August 1, 2011 – Two students from the University of Utah (the U) will travel to India and Bangladesh to begin distinct—but culturally related—projects this fall, funded by awards from the prestigious Fulbright Scholar Program.
Virginia LeBaron is a Ph.D. student in the U’s College of Nursing, while Todd McKay is working on a Master’s degree in linguistics. Though the students come from widely different disciplines, their work emanates from a similar premise—finding ways for people to better cope with imperfect circumstances.
LeBaron received a Fulbright-Nehru Grant and will conduct dissertation research in Hyderabad, India. Her project will explore how nurses caring for patients with advanced cancer cope with limited medical resources while trying to ease pain. LeBaron is particularly interested in exploring how “moral distress” may manifest among health care providers in India, an issue defined as knowing what needs to be done to help a patient, but being unable to act because of various obstacles.
LeBaron’s experience as an oncology and palliative care nurse practitioner—and a volunteer with the International Network for Cancer Treatment and Research (INCTR)—led to her interest in studying the delivery of palliative care in resource limited settings. LeBaron’s first trip with the INCTR was in 2004 when she traveled to Kathmandu, Nepal and witnessed firsthand the suffering of patients who have advanced cancer and no access to morphine.
“I hope results from my research will help improve support to nurses practicing in low-resource settings,” says LeBaron, “and also to improve pain management for patients with advanced cancer, wherever in the world this situation exists.” She will be in Hyderabad, India at the MNJ Institute of Oncology and Regional Cancer Center from September 2011 through June 2012. Upon completing her degree, she hopes to secure a post-doctoral position to continue her interest in global cancer control health policy.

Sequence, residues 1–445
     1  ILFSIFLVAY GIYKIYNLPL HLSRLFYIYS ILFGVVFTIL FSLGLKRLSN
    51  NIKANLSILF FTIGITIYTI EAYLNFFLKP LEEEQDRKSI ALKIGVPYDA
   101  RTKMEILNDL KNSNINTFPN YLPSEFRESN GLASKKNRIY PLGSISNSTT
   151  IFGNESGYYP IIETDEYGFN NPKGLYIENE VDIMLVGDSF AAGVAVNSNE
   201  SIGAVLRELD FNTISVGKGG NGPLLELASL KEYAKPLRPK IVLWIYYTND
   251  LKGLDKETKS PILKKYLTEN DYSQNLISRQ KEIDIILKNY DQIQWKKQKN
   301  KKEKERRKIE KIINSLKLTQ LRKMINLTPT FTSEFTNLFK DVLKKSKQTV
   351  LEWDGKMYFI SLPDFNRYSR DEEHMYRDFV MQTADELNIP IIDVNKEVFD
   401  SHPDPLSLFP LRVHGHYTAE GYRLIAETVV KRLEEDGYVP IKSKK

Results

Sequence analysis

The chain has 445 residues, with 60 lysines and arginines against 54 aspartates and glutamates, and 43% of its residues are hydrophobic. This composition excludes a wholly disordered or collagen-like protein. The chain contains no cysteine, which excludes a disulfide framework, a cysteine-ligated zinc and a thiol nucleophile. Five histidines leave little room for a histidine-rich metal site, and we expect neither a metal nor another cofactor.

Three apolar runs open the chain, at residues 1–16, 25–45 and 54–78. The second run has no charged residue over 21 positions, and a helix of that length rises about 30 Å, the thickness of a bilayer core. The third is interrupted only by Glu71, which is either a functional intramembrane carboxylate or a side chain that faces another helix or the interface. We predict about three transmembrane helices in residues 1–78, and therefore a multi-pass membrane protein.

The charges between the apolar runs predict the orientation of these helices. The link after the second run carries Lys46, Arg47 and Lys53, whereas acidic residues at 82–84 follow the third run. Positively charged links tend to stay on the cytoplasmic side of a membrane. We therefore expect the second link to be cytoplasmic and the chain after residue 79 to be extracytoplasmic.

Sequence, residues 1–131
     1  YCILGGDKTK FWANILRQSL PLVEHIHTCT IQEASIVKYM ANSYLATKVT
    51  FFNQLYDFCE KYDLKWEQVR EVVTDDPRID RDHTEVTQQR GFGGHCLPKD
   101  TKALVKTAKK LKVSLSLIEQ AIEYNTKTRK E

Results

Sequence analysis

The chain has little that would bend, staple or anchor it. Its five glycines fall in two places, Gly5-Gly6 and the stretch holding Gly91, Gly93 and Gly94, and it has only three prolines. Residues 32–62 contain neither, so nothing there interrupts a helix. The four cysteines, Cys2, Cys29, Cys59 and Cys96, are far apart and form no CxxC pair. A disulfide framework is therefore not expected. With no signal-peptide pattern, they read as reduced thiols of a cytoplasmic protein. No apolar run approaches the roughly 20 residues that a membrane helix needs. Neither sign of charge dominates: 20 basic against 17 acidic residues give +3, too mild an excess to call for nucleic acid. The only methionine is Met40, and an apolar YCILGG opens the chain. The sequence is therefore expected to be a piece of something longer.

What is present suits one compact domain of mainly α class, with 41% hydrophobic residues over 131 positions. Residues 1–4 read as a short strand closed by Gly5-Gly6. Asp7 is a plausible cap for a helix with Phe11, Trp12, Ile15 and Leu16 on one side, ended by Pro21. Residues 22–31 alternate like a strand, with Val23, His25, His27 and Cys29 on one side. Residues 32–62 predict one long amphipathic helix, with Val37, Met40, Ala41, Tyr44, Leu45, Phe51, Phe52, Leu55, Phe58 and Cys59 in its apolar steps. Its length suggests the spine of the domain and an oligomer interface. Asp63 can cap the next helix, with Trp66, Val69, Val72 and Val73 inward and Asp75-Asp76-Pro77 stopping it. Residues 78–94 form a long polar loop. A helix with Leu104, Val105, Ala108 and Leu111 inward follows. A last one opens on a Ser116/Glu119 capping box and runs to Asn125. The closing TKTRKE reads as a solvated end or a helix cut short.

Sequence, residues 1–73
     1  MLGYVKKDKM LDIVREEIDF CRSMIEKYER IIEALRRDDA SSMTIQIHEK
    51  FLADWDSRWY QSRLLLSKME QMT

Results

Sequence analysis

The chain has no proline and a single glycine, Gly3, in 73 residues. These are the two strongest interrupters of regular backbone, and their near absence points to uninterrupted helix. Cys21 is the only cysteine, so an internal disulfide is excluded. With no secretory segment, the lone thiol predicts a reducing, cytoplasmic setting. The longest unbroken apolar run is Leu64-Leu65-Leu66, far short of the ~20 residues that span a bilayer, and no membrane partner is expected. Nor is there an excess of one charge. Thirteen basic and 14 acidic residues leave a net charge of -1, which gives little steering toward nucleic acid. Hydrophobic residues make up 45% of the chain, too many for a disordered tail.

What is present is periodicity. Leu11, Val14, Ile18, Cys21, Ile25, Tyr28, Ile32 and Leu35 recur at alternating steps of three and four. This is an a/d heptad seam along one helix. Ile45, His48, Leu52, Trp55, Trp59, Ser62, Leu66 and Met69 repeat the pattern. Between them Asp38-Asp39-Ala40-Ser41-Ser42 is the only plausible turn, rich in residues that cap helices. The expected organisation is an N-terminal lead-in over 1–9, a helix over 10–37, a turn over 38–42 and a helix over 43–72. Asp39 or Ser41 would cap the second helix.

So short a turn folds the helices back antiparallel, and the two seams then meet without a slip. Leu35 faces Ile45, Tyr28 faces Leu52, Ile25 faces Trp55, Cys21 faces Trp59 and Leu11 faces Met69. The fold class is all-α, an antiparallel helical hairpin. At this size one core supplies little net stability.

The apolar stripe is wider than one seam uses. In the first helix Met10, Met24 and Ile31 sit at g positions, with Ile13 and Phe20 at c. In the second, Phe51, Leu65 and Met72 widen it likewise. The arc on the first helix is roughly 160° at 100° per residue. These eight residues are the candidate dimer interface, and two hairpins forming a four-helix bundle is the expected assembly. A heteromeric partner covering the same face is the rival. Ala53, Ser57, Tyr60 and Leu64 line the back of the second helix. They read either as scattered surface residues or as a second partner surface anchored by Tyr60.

Todd McKay is finishing a Master’s degree in linguistics at the U and received an English Teaching Assistantship Fulbright Scholarship. He will be working with students learning English at a school in Bangladesh beginning later this fall. His interest comes from having spent time in the country during the 2009 and 2010 Bangla Critical Language Scholarship programs. His focus will be on helping to bridge gaps between those in the English classroom and the rest of the community.
“Building relationships that endure beyond the classroom is vital for helping achieve the educational goals of Bangladesh,” McKay says, “That is complicated by persistent lack of resources, but my aim is to help by creating a set of activities that can accomplish the goal while transcending material limitations.”
Howard Lehman, professor of political science, also serves as advisor for the Fulbright program at the U. He has been a Fulbright Fellow twice and encourages more students to apply. “The experience expands one’s education, skills and world view,” says Lehman. “Students return as stronger scholars and better citizens, something the world can always use more of.”
Fulbright scholarships have been awarded to many U faculty and five students over the past five years. Recent fellows have done research work in Australia with military veterans, taught courses in Costa Rica dealing with attitudes toward the disabled, and conducted research on business communities in conflict zones in Israel.
Fulbright awards provide travel and living expenses for a students’ year abroad. The prestigious Fulbright program is the largest educational scholarship of its kind. It was created by U.S. Senator J. William Fulbright and the U.S. Government in 1946 and aims to promote mutual understanding through educational exchange. It operates between the U.S. and 150 other countries.